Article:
It has been adequately covered on the site this week that Southland Tales was a big failure upon its release. But over the past few years we’ve seen different websites and critics taking another look---The Hollywood Reporter explored the history of the film’s infamous Cannes premiere, Collider says it is the perfect time to revisit the film, The Washington Post noted how the post-apocalyptic nature of the film mirrors our own society, Inverse called the film the greatest cult film of this century, and on and on. As Southland Tales continues to find a new audience and post-release fame, it joins a long list of failed films which are now considered an integral part of cinema history. These five examples, which range from surefire masterpieces to films ready for rediscovery, are all available now on streaming.
The Shining [Stanley Kubrick, 1980]
Available on Amazon Prime
Now universally considered one of the scariest horror films ever made, The Shining hasn’t always been beloved. Many critics at the time reviled the film, including Dave Kehr, who called the film “banal” with an “incredibly slack narrative” and Roger Ebert, who said the characters were difficult to identify with [though Ebert would later come around on the film, including it in his “Great Movies” reviews]. The review from Variety was especially scathing: “The crazier Nicholson gets, the more idiotic he looks. Shelley Duvall transforms the warm sympathetic wife of the book into a simpering, semi-retarded hysteric.” And we all know how much novelist Stephen King feels about it. Though it is one of the only Kubrick films not to garner any Academy Awards nominations, it did receive two Razzie award nominations for Worst Director and Worst Actress. The Shining isn’t the only Kubrick film to initially receive a cold embrace before becoming endorsed by cinema lovers, as films like Eyes Wide Shut, Barry Lyndon and A Clockwork Orange have all been reevaluated in recent years.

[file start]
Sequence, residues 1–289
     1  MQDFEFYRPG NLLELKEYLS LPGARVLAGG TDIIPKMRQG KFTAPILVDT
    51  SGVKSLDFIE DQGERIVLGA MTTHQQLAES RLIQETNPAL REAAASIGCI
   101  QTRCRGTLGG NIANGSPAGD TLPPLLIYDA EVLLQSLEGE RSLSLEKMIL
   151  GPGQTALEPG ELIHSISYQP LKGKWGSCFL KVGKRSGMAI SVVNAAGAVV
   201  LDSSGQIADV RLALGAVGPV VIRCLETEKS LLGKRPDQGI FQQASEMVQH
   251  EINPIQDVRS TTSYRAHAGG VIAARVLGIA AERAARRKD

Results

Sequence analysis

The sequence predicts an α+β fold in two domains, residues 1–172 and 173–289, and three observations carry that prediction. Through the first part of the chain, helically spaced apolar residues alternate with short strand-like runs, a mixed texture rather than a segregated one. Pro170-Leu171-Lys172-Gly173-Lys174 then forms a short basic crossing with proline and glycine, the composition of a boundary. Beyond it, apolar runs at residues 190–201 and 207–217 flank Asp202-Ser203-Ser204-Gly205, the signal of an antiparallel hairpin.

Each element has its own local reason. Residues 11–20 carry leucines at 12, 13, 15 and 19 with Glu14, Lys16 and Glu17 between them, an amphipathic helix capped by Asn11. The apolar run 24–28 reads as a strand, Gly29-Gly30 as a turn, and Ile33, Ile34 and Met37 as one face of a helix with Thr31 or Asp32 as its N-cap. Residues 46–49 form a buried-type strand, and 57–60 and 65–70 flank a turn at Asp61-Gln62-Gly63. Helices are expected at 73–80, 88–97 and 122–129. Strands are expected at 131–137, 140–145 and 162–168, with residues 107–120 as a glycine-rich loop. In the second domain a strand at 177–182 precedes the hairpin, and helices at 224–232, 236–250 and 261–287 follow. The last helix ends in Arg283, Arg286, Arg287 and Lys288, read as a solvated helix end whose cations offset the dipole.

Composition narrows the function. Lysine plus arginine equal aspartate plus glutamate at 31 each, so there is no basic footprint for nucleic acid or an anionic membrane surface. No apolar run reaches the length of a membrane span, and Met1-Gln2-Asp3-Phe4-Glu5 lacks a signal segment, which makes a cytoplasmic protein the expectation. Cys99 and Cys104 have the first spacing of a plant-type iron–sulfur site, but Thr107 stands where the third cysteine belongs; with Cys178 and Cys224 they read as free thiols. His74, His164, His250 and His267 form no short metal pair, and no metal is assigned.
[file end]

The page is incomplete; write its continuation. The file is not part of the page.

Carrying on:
Halloween III: Season of the Witch [Tommy Lee Wallace, 1982]
Available for Digital Rental
Halloween and Halloween II were two of the most successful horror films ever made, essentially creating a new subgenre which engulfed the 1980s. Creators John Carpenter and Debra Hill initially had the idea of Halloween being an anthology film series before Michael Myers became such a big hit, and that was fully explored with the third issue in the franchise. Halloween III: Season of the Witch was a box office hit on the coattails of its predecessor, but roundly rejected by audiences simply for not being what they wanted. Critically, it didn’t fare any better---Roger Ebert blasted the film for being cliched and “assembled out of familiar parts from other, better movies.” As time has gone by, however, Halloween III has been rediscovered by horror fans who care less about the production baggage who realized this is a very fun, offbeat film---a number of uninteresting Halloween sequels to follow may have helped the cause.
Starship Troopers [Paul Verhoeven, 1997]
Available for Digital Rental